Noteworthy, I fundamentally disagree with such a proposition. After all, if I adopted the nonsensical belief that people have no personal agency I’d be wasting my time and the resources of my clients through the practice of REBT.


To put a final point on this matter, forgive me a personal anecdote. I’ve been diagnosed with posttraumatic stress disorder (PTSD) and traumatic brain injury (TBI). Symptoms related to these diagnoses present significant challenges to my ability for rational living.


However, complication isn’t indicative of impossibility. Simply because I have diagnoses of PTSD and TBI doesn’t afford me an opportunity to behave like an asshole. Admittedly, I’m a fallible human being, though I don’t get to use my diagnoses to absolve me of personal agency for my actions.


When I’ve behaved poorly in the past, and as I inevitably won’t behave perfectly in the future, I assume personal ownership for the manner in which I treat myself and others. And for the reader who’s disgruntled by irrational beliefs regarding what I’m stating herein, I also have diagnoses attributed to so-called chemical imbalances – ADHD and major depressive disorder.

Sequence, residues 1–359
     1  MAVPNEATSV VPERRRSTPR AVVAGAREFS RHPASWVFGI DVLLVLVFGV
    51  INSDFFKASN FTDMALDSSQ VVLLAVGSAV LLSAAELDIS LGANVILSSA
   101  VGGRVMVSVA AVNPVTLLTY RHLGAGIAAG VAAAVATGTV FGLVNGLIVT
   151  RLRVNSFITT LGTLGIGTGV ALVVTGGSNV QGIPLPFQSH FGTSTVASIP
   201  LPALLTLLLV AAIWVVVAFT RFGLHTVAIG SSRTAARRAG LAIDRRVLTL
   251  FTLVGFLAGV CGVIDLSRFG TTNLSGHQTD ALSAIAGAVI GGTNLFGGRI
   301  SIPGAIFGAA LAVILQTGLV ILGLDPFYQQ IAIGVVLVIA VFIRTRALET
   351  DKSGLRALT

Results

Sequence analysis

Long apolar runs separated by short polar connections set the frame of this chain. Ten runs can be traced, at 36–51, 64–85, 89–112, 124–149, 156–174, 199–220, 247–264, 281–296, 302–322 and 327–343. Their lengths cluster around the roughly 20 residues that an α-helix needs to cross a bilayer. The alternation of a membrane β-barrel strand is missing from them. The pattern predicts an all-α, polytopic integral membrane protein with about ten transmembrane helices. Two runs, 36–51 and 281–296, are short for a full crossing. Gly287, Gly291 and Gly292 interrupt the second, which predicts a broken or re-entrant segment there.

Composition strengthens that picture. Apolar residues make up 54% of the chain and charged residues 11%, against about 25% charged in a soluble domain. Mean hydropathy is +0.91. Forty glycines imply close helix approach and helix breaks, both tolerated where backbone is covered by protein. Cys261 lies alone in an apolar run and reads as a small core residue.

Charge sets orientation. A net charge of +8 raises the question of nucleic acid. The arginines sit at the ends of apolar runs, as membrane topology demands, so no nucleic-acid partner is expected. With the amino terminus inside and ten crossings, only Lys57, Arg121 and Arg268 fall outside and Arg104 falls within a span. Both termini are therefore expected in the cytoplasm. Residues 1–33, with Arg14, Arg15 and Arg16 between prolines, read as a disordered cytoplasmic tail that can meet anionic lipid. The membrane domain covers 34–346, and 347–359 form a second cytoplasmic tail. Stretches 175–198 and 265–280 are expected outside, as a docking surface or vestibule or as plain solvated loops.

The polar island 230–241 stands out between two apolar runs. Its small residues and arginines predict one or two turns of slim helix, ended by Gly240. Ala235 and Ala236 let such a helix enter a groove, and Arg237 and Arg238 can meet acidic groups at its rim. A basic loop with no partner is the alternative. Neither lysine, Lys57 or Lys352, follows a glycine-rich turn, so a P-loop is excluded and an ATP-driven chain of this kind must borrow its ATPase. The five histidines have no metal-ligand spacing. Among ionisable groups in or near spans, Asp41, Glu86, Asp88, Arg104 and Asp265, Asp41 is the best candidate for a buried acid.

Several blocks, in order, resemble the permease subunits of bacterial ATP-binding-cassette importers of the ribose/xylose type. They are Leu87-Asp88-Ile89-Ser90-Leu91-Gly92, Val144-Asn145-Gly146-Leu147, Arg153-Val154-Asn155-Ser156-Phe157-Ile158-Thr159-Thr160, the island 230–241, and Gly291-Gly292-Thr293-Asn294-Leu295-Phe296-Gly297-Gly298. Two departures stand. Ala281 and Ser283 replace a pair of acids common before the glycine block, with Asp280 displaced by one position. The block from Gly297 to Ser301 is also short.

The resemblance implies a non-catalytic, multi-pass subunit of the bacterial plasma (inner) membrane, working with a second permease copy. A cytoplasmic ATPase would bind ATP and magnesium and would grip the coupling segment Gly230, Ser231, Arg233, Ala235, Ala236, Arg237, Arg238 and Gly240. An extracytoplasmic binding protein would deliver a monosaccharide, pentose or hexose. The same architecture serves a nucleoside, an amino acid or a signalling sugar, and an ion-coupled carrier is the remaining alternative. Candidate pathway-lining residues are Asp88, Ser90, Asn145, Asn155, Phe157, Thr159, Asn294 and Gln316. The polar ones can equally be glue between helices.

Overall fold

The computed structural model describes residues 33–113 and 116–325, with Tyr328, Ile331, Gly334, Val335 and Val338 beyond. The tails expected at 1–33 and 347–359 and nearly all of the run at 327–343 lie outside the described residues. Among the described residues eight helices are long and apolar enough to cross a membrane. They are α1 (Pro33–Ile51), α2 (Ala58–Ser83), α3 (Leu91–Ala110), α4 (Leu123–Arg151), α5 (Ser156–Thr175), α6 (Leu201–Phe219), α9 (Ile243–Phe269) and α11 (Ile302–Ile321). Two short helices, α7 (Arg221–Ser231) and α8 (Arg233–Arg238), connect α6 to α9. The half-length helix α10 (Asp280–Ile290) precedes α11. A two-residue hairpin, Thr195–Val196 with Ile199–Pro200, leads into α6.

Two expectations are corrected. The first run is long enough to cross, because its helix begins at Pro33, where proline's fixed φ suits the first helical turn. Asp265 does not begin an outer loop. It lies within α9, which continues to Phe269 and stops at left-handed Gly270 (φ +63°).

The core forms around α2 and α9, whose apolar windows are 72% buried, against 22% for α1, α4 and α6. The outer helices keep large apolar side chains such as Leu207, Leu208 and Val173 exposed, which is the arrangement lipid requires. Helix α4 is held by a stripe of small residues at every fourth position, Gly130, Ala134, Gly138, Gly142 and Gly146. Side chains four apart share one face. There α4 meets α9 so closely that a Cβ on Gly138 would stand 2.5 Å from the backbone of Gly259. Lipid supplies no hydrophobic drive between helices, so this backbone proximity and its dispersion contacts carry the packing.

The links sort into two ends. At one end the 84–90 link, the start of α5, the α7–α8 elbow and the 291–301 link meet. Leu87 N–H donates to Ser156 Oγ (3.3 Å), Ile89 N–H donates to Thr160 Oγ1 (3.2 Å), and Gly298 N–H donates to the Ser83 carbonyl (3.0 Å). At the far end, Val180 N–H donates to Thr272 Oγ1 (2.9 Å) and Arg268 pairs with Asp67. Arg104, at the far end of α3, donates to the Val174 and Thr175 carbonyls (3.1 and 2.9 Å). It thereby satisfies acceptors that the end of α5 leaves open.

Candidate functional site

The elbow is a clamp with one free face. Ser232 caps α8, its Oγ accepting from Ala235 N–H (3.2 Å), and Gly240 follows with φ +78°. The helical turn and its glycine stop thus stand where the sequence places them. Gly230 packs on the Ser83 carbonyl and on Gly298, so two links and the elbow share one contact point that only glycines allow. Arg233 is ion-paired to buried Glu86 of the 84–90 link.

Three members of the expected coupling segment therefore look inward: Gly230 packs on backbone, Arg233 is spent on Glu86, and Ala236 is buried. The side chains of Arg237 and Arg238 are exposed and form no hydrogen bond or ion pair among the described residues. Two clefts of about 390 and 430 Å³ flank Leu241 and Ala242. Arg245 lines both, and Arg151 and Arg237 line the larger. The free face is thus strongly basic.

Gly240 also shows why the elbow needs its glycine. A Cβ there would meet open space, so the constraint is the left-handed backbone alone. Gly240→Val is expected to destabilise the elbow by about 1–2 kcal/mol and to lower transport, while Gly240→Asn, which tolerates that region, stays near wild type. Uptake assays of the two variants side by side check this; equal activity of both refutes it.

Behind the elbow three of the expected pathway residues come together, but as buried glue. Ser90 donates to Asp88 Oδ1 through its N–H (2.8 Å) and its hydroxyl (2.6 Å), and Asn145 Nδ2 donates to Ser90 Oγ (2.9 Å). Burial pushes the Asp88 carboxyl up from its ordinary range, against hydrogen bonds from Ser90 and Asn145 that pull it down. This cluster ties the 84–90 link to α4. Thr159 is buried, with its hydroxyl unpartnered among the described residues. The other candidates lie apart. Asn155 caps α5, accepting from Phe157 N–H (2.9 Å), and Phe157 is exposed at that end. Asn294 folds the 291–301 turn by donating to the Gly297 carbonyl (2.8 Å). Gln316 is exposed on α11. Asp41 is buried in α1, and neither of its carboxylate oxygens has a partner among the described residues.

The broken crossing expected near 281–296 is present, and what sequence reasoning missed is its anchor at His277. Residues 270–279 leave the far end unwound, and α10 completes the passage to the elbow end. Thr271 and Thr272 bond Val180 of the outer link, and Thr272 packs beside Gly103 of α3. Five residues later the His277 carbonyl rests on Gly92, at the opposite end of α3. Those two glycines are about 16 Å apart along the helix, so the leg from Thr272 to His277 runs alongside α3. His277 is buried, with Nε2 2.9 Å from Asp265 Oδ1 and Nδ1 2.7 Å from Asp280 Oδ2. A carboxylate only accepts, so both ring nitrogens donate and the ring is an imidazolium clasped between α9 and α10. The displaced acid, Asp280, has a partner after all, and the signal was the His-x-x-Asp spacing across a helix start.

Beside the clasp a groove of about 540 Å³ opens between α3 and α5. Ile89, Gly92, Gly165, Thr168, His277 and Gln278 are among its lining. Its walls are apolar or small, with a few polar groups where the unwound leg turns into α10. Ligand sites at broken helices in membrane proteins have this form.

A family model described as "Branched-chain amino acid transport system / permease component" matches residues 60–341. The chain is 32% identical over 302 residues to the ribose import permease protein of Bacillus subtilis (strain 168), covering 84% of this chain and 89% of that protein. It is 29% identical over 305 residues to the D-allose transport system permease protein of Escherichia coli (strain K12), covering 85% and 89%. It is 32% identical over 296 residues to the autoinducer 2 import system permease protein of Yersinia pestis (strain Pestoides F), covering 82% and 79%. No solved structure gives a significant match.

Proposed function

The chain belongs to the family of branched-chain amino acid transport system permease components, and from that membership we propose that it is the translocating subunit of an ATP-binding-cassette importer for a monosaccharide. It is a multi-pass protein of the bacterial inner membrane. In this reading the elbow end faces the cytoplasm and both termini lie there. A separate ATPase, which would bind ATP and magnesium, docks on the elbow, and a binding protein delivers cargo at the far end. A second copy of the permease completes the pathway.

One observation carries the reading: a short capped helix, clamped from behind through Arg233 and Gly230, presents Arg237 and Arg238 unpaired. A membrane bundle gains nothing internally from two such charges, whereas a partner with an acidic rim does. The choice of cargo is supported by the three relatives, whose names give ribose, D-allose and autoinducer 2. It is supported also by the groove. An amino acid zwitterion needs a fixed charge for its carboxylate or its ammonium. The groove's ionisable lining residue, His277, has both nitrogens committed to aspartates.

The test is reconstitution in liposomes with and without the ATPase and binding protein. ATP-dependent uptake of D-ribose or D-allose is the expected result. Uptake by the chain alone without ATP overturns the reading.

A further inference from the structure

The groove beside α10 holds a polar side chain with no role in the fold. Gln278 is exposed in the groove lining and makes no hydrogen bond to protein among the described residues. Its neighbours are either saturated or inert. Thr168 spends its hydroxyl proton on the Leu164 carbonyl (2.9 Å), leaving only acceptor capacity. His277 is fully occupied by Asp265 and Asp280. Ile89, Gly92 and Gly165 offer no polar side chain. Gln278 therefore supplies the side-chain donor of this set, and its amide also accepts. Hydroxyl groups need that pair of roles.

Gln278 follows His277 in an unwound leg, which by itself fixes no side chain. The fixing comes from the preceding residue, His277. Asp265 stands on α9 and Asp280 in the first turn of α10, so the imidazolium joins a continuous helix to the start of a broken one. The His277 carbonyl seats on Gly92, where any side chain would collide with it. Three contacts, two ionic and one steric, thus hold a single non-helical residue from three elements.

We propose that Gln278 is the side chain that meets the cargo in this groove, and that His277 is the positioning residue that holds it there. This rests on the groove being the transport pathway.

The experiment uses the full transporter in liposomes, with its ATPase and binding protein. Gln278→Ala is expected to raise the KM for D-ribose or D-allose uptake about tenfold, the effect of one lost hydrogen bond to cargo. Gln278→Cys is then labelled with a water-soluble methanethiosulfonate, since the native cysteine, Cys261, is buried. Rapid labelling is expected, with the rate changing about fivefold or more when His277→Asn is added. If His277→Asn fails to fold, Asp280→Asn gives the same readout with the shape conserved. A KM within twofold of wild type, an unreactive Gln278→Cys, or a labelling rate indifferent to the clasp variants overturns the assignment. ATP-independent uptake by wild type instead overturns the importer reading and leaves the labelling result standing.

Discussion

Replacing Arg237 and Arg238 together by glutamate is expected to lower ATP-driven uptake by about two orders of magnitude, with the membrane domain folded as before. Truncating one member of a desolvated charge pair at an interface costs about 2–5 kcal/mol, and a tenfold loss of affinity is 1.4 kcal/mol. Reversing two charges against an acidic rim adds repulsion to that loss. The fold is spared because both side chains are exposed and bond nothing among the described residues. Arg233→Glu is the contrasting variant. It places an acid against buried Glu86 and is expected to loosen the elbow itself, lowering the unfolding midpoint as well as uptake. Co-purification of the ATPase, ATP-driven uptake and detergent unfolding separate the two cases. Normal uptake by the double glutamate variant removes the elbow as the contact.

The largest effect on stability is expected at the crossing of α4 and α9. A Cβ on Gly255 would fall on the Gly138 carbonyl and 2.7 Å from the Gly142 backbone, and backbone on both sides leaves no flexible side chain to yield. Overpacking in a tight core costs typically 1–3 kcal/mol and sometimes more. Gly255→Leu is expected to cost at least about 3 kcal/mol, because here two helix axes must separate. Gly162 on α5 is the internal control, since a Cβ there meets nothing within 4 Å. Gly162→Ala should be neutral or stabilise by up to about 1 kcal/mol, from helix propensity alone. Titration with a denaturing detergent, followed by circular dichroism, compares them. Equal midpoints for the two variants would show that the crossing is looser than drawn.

Nothing with which I’ve been diagnosed gives me a pass for poor behavior. Likewise, and albeit that one may “feel” as though diagnoses are empowering, I invite the reader to dispute beliefs which result in disempowerment and deprive one of personal ownership regarding behavior.


In REBT, the ABC model centers diagnoses in the Activating event portion of a self-disturbed paradigm. Nevertheless, the existence of a diagnosis doesn’t cause an unpleasant reaction to an event.


Rather, one’s Belief about the event is what causes an uncomfortable Consequence (i.e., emotion, bodily sensation, behavior, etc.). To better understand this Action – Belief – Consequence interplay, consider the following example:


Action – Client X, diagnosed with bipolar disorder, suddenly needs to take evasive action when driving on the highway, as another motorist abruptly swerves into his lane.


Belief – Client X unproductively assumes, “This bastard should watch the fuck where he’s going! I can’t stand assholes like him!”